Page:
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Ron Hutchinson

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Ron Hutchinson

Ron Hutchison
Born (1964-02-07) February 7, 1964
Toronto, Ontario, Canada
Resides Toronto, Ontario
Professional wrestling career
Ring name(s) Ron Hutchison
Pretty Boy Hutchison
Masked Thunderbolt
Billed height 5 ft 10 in (1.78 m)
Billed weight 235 lb (107 kg)
Trained by Sweet Daddy Siki
Johnny Powers
Debut June 5, 1983
Retired 1990
Sully's Gym (official website)

Ron Hutchison is a retired Canadian professional wrestler, trainer and promoter who competed for Canadian independent promotions such as Grand Prix Wrestling and Maple Leaf Wrestling as well as a brief stint in the World Wrestling Federation during the mid-1980s. He is also the promoter of the Toronto-based Apocalypse Wrestling Federation[1] and the head trainer of Carmen Electra's Naked Women's Wrestling League.[2]

The owner of the Ron Hutchison Wrestling Academy at Sully's Gym[3] and co-owner of Sweet Daddy Siki and Ron Hutchison's School of Wrestling, he is also credited as one of the leading trainers of professional wrestlers in Canada whose students include Christian, Edge,[4] Trish Stratus, Gail Kim,[5] Beth Phoenix, Traci Brooks, Tiger Ali Singh, Johnny Swinger, Mad Dog Rex, David Diamond, Joe E. Legend,[6] The Original Sinn[7] and Asylum.[8]


Early life and career

Born in Toronto, Hutchison became interested in professional wrestling at a young age watching The Shiek and Dewey Robertson. In 1981, while still attending Northern Secondary high school, the 17-year-old Hutchison began training with Sweet Daddy Siki and Johnny Powers at Sully's Gym.

Training part-time for two years, he would wrestle his first professional match with Danny Little Wolf defeating Teddy Marshall and Joey War Eagle at Scarboro Arena Gardens on June 5, 1983 and began wrestling for promoter "Bearman" Dave McKigney soon after his debut.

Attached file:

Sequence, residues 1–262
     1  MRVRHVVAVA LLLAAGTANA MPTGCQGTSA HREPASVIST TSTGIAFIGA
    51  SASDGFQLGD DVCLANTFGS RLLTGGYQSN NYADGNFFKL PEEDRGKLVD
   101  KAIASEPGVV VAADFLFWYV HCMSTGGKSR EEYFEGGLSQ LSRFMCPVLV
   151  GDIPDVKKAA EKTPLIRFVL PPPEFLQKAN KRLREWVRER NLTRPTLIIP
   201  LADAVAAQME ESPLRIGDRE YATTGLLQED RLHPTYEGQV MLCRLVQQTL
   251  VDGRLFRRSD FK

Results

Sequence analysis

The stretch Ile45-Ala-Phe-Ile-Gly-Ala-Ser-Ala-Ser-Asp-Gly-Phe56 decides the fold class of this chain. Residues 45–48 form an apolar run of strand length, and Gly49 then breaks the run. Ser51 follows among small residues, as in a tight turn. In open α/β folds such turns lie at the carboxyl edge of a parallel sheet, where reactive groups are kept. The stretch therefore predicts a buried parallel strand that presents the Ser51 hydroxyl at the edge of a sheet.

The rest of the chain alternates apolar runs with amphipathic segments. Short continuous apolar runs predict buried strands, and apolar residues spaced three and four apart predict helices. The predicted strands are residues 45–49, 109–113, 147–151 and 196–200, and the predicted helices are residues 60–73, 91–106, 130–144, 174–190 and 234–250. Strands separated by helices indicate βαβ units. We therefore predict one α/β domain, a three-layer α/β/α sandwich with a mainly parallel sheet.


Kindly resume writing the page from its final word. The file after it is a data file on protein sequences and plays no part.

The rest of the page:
He would also wrestle for the WWF around Southern Ontario during the mid-1980s appearing in a televised match against the Iron Sheik on the WWF's Black Saturday cards and regularly appeared on televised matches for Maple Leaf Wrestling in Brantford, Ontario.[6] He would later face Jake "The Snake" Roberts on April 26 and Dory Funk, Jr. on May 10 while the WWF toured Ontario in 1986.

Grand Prix Wrestling

During the summer season, he also toured with Maritime-based Grand Prix Wrestling as well as National Wrestling Alliance-affiliated territories in the Montreal and southern Ontario-area with Pro Wrestling Canada. For over three years, he would face wrestlers including Masahiro Chono, Mr. Pogo, "Killer" Karl Krupp, Jos Leduc, Frenchy Martin and Leo Burke during his time in the Maritime provinces. He would also wrestle midget star Sky Low Low and "Monster Ripper" Rhonda Singh in mixed tag team matches as well.

After touring Quebec with Leo Burke's International Wrestling promotion during 1986 and 1987, he returned to Grand Prix Wrestling as the masked wrestler The Intelligent and the Sensational Masked Thunderbolt as a member of "Bulldog" Bob Brown stable Bulldog's Army feuding with Leo Burke, "Rotten" Ron Starr, The Great Malumba, Stephen Petitpas, Vinnie Valentino, Cuban Assassin, Sunny War Cloud and Buddy Lane for over two years.


The same year he made his wrestling debut, he began attending Ryerson Polytechnical Institute studying journalism and continued wrestling part-time during the semester, and full-time during the summer. When Johnny Powers left Sully's Gym, he was offered a position as an instructor by Siki who was impressed by his knowledge of amateur wrestling. After retiring in 1990, he remained at Sully's Gym after Siki left in 1994. Later opening a wrestling school with Siki, he would train many of Canada's top independent wrestlers throughout the 1990s, many of whom would later compete in the WWF and NWA: TNA.[6]

In September 1997, Hutchison would appear on a wrestling event promoted by Tiger Jeet Singh in Middlesex, England with over 10,000 in attendance and later aired on PPV in India. During that year, he would also appear with WWF Canada President Carl DeMarco on CBC TV's teen talk show "Jonovision" as well as a second appearance in September 1998 along with two students, Tiger Ali Singh and Jason Sensation.

Apocalypse Wrestling Federation

In August 1998, in association with his wrestling school, Hutchison established the Apocalypse Wrestling Federation which began holding events in the Toronto-area with its first show on August 30, 1998. During the next year, Missy Hyatt would make her Canadian debut appearing at the supercard "A Valentine to Remember" on February 14 winning the AWF Heavyweight Championship in a mixed tag team match with Miss B. Haven against Sherri Martel and the Squeegee Kid during the event.[9] This would be the first wrestling event in which a woman would hold a men's wrestling title.[10]

During that same year, he would also promote Terry Funk's Canadian retirement match "One Last Dance" in which Funk would defeat Sabu on June 6, 1999. The following month, he would begin promoting the annual AWF Ironman Tournament in which over 100 matches would be booked in an 18-day period. The tournament, which would be held for the next four years, would feature matches from top Canadian independent wrestlers and, in 2002, the Canadian debuts of Jillian Hall, Beth Phoenix and Japanese female wrestler Sumie Sakai.